BILLERICA, MA — On Thursday, March 14, 2019 Shawsheen Tech sent 189 students to compete at the SkillsUSA District Competition at Greater Lowell Regional Technical High School. The students competed against schools in their technical areas, challenging their knowledge, in hopes of qualifying for State Competition held this April. Shawsheen students took a written assessment in their technical/trade, an additional test for employability and SkillsUSA Knowledge, as well as an OSHA test in safety. At the end of the day, Shawsheen brought home a total of 70 medals. Gold Medal Winners:Brooke MacInnes, Grade 12, Billerica, Architectural DraftingAmaan Shaikh, Grade 12, Billerica, Automated Manual Technician – DrafterCorrina Jarzynka, Grade 12, Billerica, Culinary ArtsElaina Cobb, Grade 12, Billerica, Health Knowledge BowlSkylar McGarry, Grade 12, Billerica, Medical AssistingCaitlyn Tsoukalas, Grade 12, Billerica, Medical MathFancis O’Connor, Grade 10, Billerica, Power Equipment TechnicianMohammadali Khalifa, Grade 10, Billerica, Robotics & Automation TechnicianJoshua Cabral, Grade 11, Billerica, Team Works – ElectricianTroy Tamis, Grade 12, Billerica, Team Works – PlumberGrace Clark, Grade 11, Bedford, State Officer CandidateAshley Pergamo, Grade 12, Burlington, Automotive Refinishing TechnologyCameron Hudson, Grade 12, Burlington, MechatronicsThomas Vincent, Grade 12, Burlington, Mobile Robotic TechnologyJasin Hensley, Grade 10, Burlington, Robotics & Automation TechnicianMadison Shipka, Grade 12, Burlington, Urban Search & RescueJason Elias, Grade 11, Tewksbury, Automated Manual Technician -MachinistKevin Realejo, Grade 11, Tewksbury, Automated Manual Technician -MachinistJodi Bagrowski, Grade 11, Tewksbury, EstheticsSarah Molander, Grade 11, Tewksbury, Graphic CommunicationsLeah Veloz, Grade 11, Tewksbury, Health Knowledge BowlAllyson Haley, Grade 11, Tewksbury, Health Knowledge BowlMichael Reppucci, Grade 12, Tewksbury, Industrial Motor ControlBrooke Gerry, Grade 11, Tewksbury, MasonryJohn Nowell IV, Grade 12, Tewksbury, MechatronicsDylan Melanson, Grade 12, Tewksbury, PlumbingZachary Kelly, Grade 11, Tewksbury, Team Works – CarpenterJames MacKenzie, Grade 12, Tewksbury, Team Works – MasonAnnalea Martins, Grade 11, Wilmington, Basic Health Care SkillsZachary Dancewicz, Grade 12, Wilmington, CarpentryNathan Helmar, Grade 12, Wilmington, Diesel Equipment TechnicianJuila Messina, Grade 11, Wilmington, Graphic Imaging SublimationOlivia Sanchez, Grade 10, Wilmington, Health Knowledge BowlAndrew Miller, Grade 12, Wilmington, Mobile Robotic TechnologyCelina Barczak, Grade 11, Wilmington, Nursing AssistingAmanda Howell, Grade 10, Wilmington, Technical DraftingJames Ward, Grade 12, Wilmington, Urban Search & RescueSilver Medals Winners:Connor Rich, Grade 11, Billerica, Architectural DraftingEmily Morris, Grade 12, Billerica, Dental AssistantDaniel Matarazzo, Grade 12, Billerica, Diesel Equipment TechnicianCassidy Bulmer, Grade 12, Billerica, Health Knowledge BowlBrayden Taylor, Grade 11, Billerica, Mobile Robotic TechnologyMatthew Canadas, Grade 11, Billerica, Mobile Robotic TechnologyMackenzie Cassidy, Grade 12, Billerica, Nursing AssistingShaunna Ford, Grade 12, Billerica, Screen Print TechnologyTaylor Sacco, Grade 11, Bedford, Health Knowledge BowlAntavious Nordquist, Grade 10, Bedford, Technical DraftingChristina Paras, Grade 11, Burlington, Graphic Imaging SublimationJenna Hensley, Grade 11, Burlington, Health Knowledge BowlJames Sweeney, Grade 11, Burlington, PlumbingAnthony Prezioso, Grade 10, Tewksbury, CarpentryRachel Conway, Grade 12, Tewksbury, MasonryMichael Rosa, Grade 11, Tewksbury, Team Works – CarpenterDavid Williams III, Grade 11, Tewksbury, Team Works – ElectricianBrendan Gray, Grade 11, Tewksbury, Team Works – T2 PlumberCole Privetera, Grade 11, Tewksbury, Health Knowledge BowlMadison Musto, Grade 12, Wilmington, Team Works – MasonJessica Stevens, Grade 11, Wilmington, Technical Computer ApplicationsBronze Medal Winners:Taylor Thurell, Grade 12, Billerica, Basic Health Care SkillsZachary Langlois, Grade 11, Billerica, CarpentrySamantha Collins, Grade 12, Billerica, Health Knowledge BowlBrooke Amato, Grade 12, Billerica, Health Knowledge BowlShawn Powderly, Grade 12, Billerica, PlumbingMichael Cremens, Grade 11, Billerica, Sheet MetalVeronika Bazzinotti, Grade 12, Tewksbury, Dental AssistantCameron Loder, Grade 10, Tewksbury, Diesel Equipment TechnicianAlexa Krogstie, Grade 11, Tewksbury, Health Knowledge BowlMadison Gray, Grade 12, Tewksbury, Health Knowledge BowlTaryn King, Grade 12, Wilmington, Graphic CommunicationsAmanda Ramsdell, Grade 11, Wilmington, MasonryGold and silver medal winners have earned their ticket to the annual State Leadership & Skills Conference.At that Conference, more than 2,500 students will compete in 86 occupational and leadership skill areas. Shawsheen students will compete in the practical skills portion of each contest to become a Gold medalist from Massachusetts, earning the opportunity to join more than 6,000 students to compete in the annual national-level SkillsUSA Championships.Photos:Sweeping in Carpentry: Tewksbury sophomore Anthony Preziso (silver), Wilmington senior Zachary Dancewicz (gold), & Billerica junior Zachary Langlois (bronze)Winning the gold medal in culinary arts was Billerica senior Corrina JarzynkaTaking gold in the Health Knowledge Bowl were Tewksbury junior Leah Veloz, Wilmington sophomore Olivia Sanchez, Billerica senior Elaina Cobb, and Tewksbury junior Allyson Haley. Elaina and Leah are hoping to lead another team to nationals this year.Sweeping the Masonry contest: Tewksbury senior Rachel Conway (silver), Tewksbury junior Brooke Gerry (gold), & Wilmington junior Amanda Ramsdell (bronze)Sweeping in the Plumbing contest: Burlington junior James Sweeney (silver), Tewksbury senior Dylan Melanson (gold), and Billerica senior Shawn Powderly (bronze)Winning the silver medals in screening was Billerica senior Shaunna Ford. Shaunna is hoping for another chance to attend the National Conference and better her 4th place standing in the nation.Winning gold in Team Works: Back — Tewksbury senior James MacKenzie, Left to Right: Tewksbury junior Zachary Kelley, Billerica senior Troy Tamis, & Billerica junior Joshua CabralBring home medals in Technical Drafting were Wilmington sophomore Amanda Howell (gold) and Bedford sophomore Antavious Nordquist (silver)(NOTE: The above press release is from the Shawsheen Tech.)Like Wilmington Apple on Facebook. Follow Wilmington Apple on Twitter. Follow Wilmington Apple on Instagram. Subscribe to Wilmington Apple’s daily email newsletter HERE. Got a comment, question, photo, press release, or news tip? Email firstname.lastname@example.org.Share this:TwitterFacebookLike this:Like Loading… RelatedShawsheen Tech Students Win 30 Medals At SkillsUSA State ConferenceIn “Education”Shawsheen Tech Celebrates SkillsUSA National MedalistsIn “Education”4 Wilmington Students Earn SkillsUSA Medals At Shawsheen TechIn “Education”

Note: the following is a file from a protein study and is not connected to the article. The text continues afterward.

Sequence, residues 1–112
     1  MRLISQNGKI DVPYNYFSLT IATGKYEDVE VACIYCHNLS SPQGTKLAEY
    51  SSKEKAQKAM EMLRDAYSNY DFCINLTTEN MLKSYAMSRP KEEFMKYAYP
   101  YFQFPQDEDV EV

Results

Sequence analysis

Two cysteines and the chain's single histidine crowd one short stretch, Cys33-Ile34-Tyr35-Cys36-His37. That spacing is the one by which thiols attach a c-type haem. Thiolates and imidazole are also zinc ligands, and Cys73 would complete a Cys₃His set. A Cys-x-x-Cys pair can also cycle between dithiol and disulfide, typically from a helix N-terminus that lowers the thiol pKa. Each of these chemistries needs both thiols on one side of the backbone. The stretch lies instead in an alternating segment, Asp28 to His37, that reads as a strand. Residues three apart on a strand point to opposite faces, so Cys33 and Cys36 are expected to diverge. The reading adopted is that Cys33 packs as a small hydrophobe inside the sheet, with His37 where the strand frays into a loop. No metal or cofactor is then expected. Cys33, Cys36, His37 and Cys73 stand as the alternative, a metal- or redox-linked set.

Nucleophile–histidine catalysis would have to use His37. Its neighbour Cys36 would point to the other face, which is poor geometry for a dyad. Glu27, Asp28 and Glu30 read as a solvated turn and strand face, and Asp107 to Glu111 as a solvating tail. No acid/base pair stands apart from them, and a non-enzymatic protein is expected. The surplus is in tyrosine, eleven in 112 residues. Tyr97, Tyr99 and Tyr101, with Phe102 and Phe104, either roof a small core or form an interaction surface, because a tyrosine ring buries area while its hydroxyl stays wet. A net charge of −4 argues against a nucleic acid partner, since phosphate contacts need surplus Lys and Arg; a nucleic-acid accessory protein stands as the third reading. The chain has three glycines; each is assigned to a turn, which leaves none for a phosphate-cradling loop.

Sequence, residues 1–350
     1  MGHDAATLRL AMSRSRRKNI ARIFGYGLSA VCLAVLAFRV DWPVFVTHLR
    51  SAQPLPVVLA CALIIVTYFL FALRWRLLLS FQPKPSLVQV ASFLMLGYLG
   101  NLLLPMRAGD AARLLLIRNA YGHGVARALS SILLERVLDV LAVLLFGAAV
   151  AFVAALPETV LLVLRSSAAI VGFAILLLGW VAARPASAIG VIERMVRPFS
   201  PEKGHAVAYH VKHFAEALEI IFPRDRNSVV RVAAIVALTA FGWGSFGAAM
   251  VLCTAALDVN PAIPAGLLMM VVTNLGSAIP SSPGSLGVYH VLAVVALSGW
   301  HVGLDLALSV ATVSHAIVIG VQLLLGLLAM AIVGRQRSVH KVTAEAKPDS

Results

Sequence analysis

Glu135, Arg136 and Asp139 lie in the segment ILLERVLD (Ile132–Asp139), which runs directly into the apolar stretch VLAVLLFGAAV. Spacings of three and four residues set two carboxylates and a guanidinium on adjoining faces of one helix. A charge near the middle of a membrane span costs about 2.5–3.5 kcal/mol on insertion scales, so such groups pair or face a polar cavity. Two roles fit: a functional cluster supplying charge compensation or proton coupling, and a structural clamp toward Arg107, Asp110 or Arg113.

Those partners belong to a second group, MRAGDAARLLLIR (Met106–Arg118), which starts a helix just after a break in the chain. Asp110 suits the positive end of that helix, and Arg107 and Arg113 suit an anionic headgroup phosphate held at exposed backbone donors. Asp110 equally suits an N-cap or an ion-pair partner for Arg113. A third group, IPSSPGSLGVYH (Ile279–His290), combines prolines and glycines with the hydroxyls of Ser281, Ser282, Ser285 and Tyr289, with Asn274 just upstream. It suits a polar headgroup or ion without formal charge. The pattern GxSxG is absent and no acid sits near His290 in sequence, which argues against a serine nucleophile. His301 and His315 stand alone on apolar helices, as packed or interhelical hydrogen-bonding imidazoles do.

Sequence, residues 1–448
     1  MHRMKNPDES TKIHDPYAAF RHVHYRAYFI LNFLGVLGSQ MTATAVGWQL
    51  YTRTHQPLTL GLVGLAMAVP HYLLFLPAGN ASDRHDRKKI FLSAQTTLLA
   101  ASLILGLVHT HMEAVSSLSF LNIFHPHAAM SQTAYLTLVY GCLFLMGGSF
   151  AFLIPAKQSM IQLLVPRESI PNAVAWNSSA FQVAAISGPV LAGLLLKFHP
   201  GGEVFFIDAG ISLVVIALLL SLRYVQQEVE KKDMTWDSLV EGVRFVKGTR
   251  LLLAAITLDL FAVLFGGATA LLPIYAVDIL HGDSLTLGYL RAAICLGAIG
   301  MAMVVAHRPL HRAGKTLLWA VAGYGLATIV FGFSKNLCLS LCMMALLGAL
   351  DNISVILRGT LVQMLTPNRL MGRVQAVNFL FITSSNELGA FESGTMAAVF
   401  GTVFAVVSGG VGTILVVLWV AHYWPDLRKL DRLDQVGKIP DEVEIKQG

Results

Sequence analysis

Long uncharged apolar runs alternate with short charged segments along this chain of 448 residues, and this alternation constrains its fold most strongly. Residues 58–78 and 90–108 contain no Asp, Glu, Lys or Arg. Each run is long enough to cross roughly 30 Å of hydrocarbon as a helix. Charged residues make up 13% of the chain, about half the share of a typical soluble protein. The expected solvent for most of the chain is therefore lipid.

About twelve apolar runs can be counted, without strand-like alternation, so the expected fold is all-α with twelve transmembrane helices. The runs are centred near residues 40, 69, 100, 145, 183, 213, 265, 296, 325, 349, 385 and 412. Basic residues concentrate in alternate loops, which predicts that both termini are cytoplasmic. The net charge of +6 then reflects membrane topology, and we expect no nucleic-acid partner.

Share Listen 00:00 /01:06 X To embed this piece of audio in your site, please use this code: – / 4 At a meeting at Moody Park, people hovered around display boards to learn about MetroNext. That’s the transit agency’s plan for addressing the region’s population growth.Officials say they want to circle back on some of the projects voters approved in 2003 as part of the Metro Solutions initiative. Many of those projects, like a commuter rail system, have yet to be completed.One of the people at the Moody Park meeting was Kevin Hoffman, who’s active in the Lindale Park neighborhood. He says he likes the convenience of the light rail line and wishes he could take it all the way to the airport.“As we make that journey on to the airport, the next logical place would be to continue it on to Kingwood,” adds Hoffman. “That’s not that much further up the line.”And Hoffman says a commuter rail system would be a lot more convenient for people who currently rely on the park-and-ride buses. A train would allow for a lot more flexibility.“If they needed to come into the office for just a few hours they could get on a train and take that train back into their neighborhoods,” explains Hoffman. Also at the meeting was Heights resident Katie Atkiss who thinks more dedicated bus lanes would help. She told us about a recent trip between Montrose and the Heights that took about 40 minutes. “So I think it would be really great there,” says Atkiss.Metro is holding public meetings on the plan through the middle of August. Officials say at some point they’ll have to ask voters for more bonding authority to fund the selected projects.